Inside Rutgers Football & Chris Ash – Energy, Recruiting, Brotherhood of Trust

Tara Sullivan, (

PISCATAWAY – The morning sunlight is streaming over the head of Chris Ash and onto the black desk of his Rutgers football office, the wooden blinds covering the window behind him no match for the bright rays.

Three screens flash in front of him — two computers (one especially for video) and an iPad — with two cellphones resting alongside. The room around him is otherwise pretty sparse, a digital picture frame loaded with family photos on one table, a few more pictures on shelves, and books. Plenty of books – binders full of notes as well as a handful of non-fiction, winning-philosophy favorites, a collection that represents but a fraction of what Ash owns, but a significant window into what he’s about.

In the high-ego, personality-driven world that big-time college coaching has become, the 42-year-old Ash will eventually design his office space to reflect his own style – new layout, new furniture, new blinds, new everything. But for now, his focus is elsewhere.

“Everything I wanted to do first was for the players. We haven’t touched an office,” Ash said, his deep, resonant voice echoing off those blank walls. “We did the whole office lobby, because that’s about recruiting. Two things I wanted to make sure of when we made changes: Does it help our players and does it help us recruit? People come in this office every day … recruits, parents, donors. It’s important.

“When you go in downstairs, that’s a different presentation, too. The video board wasn’t a video board. It is now. I wanted to create a different environment in the building. I want to create an environment where people want to come in the building. It’s not a sterile hospital. There’s music pumping. I want them to walk through those doors and feel the energy.”

If Ash reveals anything during a recent sit-down with The Record, it’s his deep well of energy, a rise-before-dawn, home-after-dark work ethic that’s part of his DNA, a 24/7 approach to football that hasn’t simply been infectious around the halls of the Hale Center, but has left plenty of anxious employees running to keep up. If observers of Rutgers football have learned anything across the last few years of decline, Ash is going to need every ounce of that energy to deliver on his goal of bringing the Scarlet Knights into the Big Ten’s upper tier.

His overhaul of the team’s training regimen has been priority No. 1, from the round-the-clock buffet of healthy food available upstairs to the new head trainer and intense workouts already under way.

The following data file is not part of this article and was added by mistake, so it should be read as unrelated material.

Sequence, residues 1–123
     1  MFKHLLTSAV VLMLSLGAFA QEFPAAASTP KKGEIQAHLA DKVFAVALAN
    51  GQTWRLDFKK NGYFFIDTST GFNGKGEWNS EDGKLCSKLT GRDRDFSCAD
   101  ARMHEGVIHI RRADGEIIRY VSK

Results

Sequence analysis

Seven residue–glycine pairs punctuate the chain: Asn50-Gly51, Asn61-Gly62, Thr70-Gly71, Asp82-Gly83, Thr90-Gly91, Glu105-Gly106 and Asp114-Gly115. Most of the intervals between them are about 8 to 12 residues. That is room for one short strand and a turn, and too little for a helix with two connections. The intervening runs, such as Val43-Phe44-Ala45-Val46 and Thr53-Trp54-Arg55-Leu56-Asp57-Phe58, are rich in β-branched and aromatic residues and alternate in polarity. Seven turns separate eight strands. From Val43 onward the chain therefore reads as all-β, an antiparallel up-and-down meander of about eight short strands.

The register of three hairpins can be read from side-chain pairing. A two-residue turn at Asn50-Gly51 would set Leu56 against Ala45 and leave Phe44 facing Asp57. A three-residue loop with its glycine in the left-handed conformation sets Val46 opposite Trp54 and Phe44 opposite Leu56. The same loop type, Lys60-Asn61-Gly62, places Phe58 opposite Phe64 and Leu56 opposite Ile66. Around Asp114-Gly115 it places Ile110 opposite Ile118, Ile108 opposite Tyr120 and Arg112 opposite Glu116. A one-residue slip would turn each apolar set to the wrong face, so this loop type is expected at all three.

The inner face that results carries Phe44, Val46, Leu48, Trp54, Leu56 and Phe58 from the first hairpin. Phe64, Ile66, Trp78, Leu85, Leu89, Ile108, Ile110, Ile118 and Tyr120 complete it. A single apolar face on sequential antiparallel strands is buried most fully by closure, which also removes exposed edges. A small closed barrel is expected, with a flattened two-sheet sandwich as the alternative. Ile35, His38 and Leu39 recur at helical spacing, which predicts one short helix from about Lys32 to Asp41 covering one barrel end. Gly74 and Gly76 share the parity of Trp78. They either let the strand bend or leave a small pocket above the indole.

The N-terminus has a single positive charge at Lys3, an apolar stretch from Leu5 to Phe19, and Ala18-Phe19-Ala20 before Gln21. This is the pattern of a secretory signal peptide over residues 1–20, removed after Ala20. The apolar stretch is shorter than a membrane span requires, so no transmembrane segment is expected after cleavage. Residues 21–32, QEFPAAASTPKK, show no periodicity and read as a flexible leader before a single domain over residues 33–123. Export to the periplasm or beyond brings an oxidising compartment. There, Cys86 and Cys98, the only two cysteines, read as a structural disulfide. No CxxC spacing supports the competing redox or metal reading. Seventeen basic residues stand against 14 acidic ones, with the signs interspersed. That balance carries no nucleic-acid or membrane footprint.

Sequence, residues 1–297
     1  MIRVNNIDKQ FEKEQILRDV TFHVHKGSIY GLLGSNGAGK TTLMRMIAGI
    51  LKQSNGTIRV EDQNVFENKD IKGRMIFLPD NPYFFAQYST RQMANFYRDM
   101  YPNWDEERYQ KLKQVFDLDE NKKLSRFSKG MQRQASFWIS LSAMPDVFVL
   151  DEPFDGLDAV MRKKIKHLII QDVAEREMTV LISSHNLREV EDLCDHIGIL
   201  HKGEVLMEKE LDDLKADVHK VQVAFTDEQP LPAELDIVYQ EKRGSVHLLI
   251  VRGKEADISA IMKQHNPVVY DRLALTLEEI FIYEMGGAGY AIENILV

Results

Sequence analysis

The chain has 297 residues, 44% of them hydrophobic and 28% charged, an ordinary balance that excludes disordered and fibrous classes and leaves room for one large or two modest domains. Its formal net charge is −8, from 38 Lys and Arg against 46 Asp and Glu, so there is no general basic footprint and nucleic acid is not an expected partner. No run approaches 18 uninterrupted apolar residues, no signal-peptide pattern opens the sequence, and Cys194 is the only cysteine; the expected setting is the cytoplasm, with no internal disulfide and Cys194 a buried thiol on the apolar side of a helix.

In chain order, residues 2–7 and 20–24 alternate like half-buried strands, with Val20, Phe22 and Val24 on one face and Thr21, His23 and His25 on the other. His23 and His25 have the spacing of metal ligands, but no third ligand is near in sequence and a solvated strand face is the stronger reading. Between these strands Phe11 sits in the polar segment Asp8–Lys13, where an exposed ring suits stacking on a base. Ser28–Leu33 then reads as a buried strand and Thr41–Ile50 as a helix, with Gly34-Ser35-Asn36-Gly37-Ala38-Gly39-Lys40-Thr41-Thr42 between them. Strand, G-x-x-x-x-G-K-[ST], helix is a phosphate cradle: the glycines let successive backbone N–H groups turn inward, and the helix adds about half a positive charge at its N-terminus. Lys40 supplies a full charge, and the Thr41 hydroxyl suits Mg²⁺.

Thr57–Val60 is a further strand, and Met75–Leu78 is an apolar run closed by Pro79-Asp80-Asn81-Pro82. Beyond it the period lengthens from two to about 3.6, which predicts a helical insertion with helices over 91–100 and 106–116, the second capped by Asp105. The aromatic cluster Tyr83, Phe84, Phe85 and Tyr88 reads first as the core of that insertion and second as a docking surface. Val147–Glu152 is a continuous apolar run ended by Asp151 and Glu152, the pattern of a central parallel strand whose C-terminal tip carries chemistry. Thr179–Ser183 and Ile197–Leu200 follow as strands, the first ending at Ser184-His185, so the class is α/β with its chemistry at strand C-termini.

“The way we changed the level of training here is probably the thing I’m most excited about,” he said. “It’s allowed us to get fast buy-in from our players. They see it; they feel it. We’re really big in to the ‘why.’ Why do we train you this way? Why do we challenge you? Why do we want you to be uncomfortable [training] every day you come into the facility? Why do we want to build a brotherhood of trust the way we want to?

“We clearly articulated the why, and once they understand the why, I think they’re more willing to open up their heart, give it to you, and make it happen. I feel through the course of the last couple of months that’s really started to happen.”

For all the understandable early attention that comes with staff hires and recruiting efforts (Ash built a young staff and added a new high school recruiting liaison position), recent weeks have been more about getting together with his current team, about preparing for spring practices and building a roster that’s in better shape mentally and physically. As he talks about reaching that end, his mantras – “brotherhood of trust,’’ “testimony, not theory,’’ “judge actions, not intentions’’ — emerge.

“Team chemistry is about building relationships based on trust in each position unit,” Ash said. “How do you do that? Well, a lot of it is through shared suffering. It’s a military approach. The Navy SEALs are the most elite fighting group in the world, and when you study the SEALs, how do they get units so strong, the trust at such a high level? That’s through their training. We want to try to get that level here.”

Ash’s eyes nearly pop through his black rectangular-framed glasses, but at the same time, his demeanor is relaxed. A long-sleeved Rutgers T-shirt and gym shorts befit a man comfortable in his own skin, one who understands the enormity of the job before him and who’s eager to get it done. There is no small dose of his most famous predecessor in his aura, a Greg Schiano-like brand of intensity and detail he’s heard plenty about already, including the source himself.

“I’ve been fortunate enough to get to know Coach Schiano over the last couple years, when I was at Ohio State. He came up several times and I’d reach out and talk to him a lot about the game of football, defensive stuff. I’d pick his brain,” Ash said. “I’ve been around a number of different head coaching personalities. One piece of advice I’ve been given that’s stuck is, be who you are, not somebody else.

“Greg did an outstanding job here I respect that; do I want to come here and be Greg Schiano II? Maybe in some regards — in the success he had on the field absolutely — but am I trying to make myself Greg Schiano II in every sense? No, I am not. I’m not trying to make myself Urban Meyer, I’m not trying to make myself Bret Bielema. All I can do is be myself.”

Eventually, part of that self will make its way into an office redesign. For now, however, that can wait. There’s plenty to keep Ash busy.

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